Unrecaptured Section 1250 Gain

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Unrecaptured Section 1250 Gain

When a depreciable asset is sold, the depreciation that has been allowed or allowable may be subject to recapture. When depreciation is recaptured, some or all of the taxable gain from the sale is taxed at ordinary income tax rates instead of the more favorable capital gain rates.

For depreciable real estate, this recapture is called section 1250 recapture. For real estate, only the portion of depreciation in excess of straight-line depreciation is subject to recapture. Since straight-line is the method of depreciation currently used for real estate, this means that there is usually no recapture of depreciation when depreciable real estate is sold. The portion of the gain attributable to this non-recaptured depreciation is labeled "unrecaptured section 1250 gain" and is subjected to a higher *maximum* capital gain tax rate of 25%.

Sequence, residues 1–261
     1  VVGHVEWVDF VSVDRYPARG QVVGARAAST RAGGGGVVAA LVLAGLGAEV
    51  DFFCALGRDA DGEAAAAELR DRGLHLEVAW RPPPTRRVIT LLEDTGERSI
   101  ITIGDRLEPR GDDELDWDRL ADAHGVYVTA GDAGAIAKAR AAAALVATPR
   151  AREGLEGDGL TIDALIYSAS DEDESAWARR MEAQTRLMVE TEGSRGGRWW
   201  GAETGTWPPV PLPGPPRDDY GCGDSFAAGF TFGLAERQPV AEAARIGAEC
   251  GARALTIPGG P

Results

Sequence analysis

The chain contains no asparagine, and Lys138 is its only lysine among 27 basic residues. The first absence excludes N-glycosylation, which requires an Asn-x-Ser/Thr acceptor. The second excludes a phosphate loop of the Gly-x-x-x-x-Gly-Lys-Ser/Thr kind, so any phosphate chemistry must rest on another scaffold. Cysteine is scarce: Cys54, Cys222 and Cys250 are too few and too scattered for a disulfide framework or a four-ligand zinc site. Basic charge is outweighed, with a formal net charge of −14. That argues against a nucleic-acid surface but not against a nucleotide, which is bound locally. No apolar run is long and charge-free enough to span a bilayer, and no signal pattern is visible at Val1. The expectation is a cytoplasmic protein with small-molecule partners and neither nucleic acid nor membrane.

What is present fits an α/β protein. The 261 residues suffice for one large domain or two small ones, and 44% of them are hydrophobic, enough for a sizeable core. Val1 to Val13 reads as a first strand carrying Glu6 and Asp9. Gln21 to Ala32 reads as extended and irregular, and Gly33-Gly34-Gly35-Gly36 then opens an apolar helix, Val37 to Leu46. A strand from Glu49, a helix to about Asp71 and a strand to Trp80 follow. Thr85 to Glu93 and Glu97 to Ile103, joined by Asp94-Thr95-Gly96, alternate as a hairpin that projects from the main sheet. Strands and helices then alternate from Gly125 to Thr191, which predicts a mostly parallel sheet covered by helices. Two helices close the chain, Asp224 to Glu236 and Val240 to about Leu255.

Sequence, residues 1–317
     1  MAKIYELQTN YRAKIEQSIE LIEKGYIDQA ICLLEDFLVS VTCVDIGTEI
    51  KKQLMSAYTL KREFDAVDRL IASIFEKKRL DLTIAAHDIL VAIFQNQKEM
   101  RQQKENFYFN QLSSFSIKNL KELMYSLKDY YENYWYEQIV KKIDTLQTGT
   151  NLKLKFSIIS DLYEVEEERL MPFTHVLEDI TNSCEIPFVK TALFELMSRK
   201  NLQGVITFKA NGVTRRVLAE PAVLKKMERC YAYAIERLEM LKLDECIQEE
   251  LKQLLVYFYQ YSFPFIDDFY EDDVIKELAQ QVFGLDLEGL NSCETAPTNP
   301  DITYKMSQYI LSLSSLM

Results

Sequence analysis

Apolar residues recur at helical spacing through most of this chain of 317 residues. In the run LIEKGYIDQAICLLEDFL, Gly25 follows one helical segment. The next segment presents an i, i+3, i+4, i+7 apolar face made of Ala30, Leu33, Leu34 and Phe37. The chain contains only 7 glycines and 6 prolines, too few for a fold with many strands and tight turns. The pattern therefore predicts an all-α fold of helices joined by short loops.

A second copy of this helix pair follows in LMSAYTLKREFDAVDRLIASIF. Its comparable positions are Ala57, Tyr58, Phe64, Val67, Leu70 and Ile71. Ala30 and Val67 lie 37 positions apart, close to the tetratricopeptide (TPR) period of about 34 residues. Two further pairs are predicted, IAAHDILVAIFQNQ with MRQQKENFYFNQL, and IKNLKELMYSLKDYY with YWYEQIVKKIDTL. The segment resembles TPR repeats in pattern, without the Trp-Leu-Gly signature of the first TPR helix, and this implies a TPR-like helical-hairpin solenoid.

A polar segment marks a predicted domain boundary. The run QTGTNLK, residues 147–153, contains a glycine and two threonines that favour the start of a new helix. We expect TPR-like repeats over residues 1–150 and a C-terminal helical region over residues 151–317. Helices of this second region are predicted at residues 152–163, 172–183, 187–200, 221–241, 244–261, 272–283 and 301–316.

For (non-RIC) Subchapter C corporations, 20% of the unrecaptured section 1250 gain is recharacterized as ordinary income for AMT purposes only. §291(a) Although the ordinary and capital gain tax rates are the same for C corporations, the recharacterization may make a difference in a year with both capital gains and capital losses. The reduction to total capital gains by the recharacterization may cause the corporation to be in a net capital loss position.

Corporations cannot reduce current year taxable income by net capital losses. §1211(a) Corporations may carryback a capital loss for three years §1212(a)(1)(A) and carry it forward for five years. §1212(a)(1)(B)

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